Welcome to “A Virtual Q&A with Shoppers Drug Mart Pharmacists and Registered Dietitians!” Join our pharmacists and registered dietitians as they answer your questions on various health and medication topics./p>
I am partially/fully COVID-19 vaccinated - why do I need to get the flu shot?
Even if you are partially or fully vaccinated against COVID-19, this will not protect you against the seasonal flu. You require a flu vaccine in order to stimulate your immune response to produce antibodies, which are different from antibodies produced by the COVID-19 vaccines. These antibodies are specific to fighting off different strains of the influenza virus. Although influenza rates were very low last year, for various reasons such as social distancing and public health measures such as wearing a mask, along with high immunization rates against the flu, we’re likely to see many of these measures non-exist this year. Your best defence against the flu is to receive a flu shot each and every year. The flu shot will not only decrease your chance of getting the flu, however, even if you are to contract the flu, it would diminish the risk of being hospitalized. This year in particular, if we are to see another surge of COVID-19 through a fourth or even fifth wave, and we see increase hospitalizations related to this, that also coincided increased influenza infections and hospitalizations, this could put a huge burden on our healthcare system, which may become unmanageable. It’s also important to receive it, as there are certain individuals who cannot receive a flu shot each year, such as babies under 6 months of age, there’s certain individuals who may not develop the same immune response to a flu vaccination as a healthy individual.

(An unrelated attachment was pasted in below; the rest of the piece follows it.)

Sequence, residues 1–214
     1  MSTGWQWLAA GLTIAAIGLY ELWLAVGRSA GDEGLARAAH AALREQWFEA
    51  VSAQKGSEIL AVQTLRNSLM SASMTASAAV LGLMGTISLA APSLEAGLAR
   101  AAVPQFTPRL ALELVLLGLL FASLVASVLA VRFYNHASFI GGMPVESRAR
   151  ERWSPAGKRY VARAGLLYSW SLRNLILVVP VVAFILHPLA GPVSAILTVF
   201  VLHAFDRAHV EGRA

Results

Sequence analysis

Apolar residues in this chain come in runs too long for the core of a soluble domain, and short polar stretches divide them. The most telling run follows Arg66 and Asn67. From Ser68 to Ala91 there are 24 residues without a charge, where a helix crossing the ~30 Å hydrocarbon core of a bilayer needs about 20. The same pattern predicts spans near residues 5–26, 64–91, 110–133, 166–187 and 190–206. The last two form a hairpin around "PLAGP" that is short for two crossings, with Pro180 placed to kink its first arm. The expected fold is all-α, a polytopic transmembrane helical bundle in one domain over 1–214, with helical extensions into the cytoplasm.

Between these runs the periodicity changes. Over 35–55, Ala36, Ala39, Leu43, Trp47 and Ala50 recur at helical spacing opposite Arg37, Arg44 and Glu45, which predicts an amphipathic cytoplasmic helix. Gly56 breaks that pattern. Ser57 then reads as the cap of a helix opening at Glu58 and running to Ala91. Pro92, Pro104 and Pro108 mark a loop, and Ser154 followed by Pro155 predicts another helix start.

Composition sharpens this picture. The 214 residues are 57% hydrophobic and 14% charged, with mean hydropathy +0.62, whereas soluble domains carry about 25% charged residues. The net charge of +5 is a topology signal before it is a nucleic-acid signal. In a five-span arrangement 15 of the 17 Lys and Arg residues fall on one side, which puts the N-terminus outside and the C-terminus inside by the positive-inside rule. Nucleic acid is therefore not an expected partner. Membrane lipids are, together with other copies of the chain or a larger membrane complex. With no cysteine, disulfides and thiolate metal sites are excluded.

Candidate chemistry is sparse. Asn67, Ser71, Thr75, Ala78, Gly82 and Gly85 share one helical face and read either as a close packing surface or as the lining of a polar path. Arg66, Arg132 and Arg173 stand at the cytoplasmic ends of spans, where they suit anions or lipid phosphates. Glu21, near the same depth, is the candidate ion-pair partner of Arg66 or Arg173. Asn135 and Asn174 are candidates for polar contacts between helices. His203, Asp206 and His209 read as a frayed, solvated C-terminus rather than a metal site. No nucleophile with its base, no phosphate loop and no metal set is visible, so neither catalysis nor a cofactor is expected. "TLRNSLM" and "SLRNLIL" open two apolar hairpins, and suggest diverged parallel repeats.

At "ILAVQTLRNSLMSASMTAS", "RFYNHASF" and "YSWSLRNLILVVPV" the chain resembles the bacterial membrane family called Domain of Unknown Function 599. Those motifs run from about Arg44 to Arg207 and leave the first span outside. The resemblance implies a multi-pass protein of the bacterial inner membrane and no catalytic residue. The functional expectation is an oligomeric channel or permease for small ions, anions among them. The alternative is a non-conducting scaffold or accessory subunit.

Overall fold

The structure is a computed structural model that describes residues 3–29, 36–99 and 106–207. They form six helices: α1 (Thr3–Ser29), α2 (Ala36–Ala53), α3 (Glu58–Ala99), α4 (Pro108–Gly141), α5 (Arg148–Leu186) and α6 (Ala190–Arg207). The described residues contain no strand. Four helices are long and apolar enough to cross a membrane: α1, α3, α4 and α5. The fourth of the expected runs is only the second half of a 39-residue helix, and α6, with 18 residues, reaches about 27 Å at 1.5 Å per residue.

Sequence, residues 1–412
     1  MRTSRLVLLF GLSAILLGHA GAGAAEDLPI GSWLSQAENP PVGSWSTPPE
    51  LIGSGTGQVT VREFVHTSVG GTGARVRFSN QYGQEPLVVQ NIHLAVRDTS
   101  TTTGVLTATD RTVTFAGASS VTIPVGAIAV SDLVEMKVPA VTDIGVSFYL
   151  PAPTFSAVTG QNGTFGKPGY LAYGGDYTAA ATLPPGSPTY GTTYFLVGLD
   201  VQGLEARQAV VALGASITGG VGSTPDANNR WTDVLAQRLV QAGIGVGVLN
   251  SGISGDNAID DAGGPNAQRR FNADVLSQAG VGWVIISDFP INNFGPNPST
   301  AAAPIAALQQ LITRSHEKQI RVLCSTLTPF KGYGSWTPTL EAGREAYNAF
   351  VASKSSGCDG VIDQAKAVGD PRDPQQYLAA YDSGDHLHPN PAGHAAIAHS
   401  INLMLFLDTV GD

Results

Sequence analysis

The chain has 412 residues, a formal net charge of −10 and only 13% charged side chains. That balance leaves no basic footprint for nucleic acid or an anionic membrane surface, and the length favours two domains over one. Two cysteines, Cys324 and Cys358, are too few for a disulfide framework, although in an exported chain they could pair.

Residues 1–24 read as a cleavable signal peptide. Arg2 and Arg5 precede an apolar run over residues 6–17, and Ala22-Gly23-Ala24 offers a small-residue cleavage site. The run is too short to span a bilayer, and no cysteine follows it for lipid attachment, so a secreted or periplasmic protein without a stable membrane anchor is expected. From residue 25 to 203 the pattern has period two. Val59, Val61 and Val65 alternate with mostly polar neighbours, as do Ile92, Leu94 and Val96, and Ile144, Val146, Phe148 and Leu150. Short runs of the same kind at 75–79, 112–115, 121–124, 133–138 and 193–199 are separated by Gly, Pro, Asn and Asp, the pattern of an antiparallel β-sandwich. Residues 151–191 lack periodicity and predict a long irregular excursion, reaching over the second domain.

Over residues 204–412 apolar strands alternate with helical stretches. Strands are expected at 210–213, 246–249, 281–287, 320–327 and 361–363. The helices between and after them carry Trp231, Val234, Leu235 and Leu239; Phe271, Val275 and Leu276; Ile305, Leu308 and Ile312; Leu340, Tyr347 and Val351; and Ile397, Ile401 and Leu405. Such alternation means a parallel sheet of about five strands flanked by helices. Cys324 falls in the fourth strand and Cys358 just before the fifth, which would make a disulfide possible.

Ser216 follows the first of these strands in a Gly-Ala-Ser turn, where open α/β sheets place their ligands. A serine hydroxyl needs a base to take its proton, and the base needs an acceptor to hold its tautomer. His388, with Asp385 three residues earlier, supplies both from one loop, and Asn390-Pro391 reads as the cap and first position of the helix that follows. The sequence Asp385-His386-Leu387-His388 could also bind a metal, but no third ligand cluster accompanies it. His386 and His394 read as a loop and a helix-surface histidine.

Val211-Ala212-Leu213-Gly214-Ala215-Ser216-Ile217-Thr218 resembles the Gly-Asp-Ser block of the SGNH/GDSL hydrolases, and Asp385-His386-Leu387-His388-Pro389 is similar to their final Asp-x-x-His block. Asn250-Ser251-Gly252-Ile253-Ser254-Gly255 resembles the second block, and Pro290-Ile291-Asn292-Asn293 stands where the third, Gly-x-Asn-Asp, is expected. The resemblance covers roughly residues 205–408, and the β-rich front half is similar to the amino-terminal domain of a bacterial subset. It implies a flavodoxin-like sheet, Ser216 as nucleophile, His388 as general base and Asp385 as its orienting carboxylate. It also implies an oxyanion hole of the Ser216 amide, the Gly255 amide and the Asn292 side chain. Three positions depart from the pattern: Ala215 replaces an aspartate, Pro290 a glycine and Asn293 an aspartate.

Whether you have questions about your prescription medications, over-the-counter products, immunizations, or other health concerns, our pharmacists and registered dietitians are here to help.
The information provided is for personal use, reference and education only and is not intended to be a substitute for a physician’s advice, diagnosis or treatment. Please consult your healthcare professional for specific information on personal health matters.
The information included in this recording is correct as of August 27th, 2021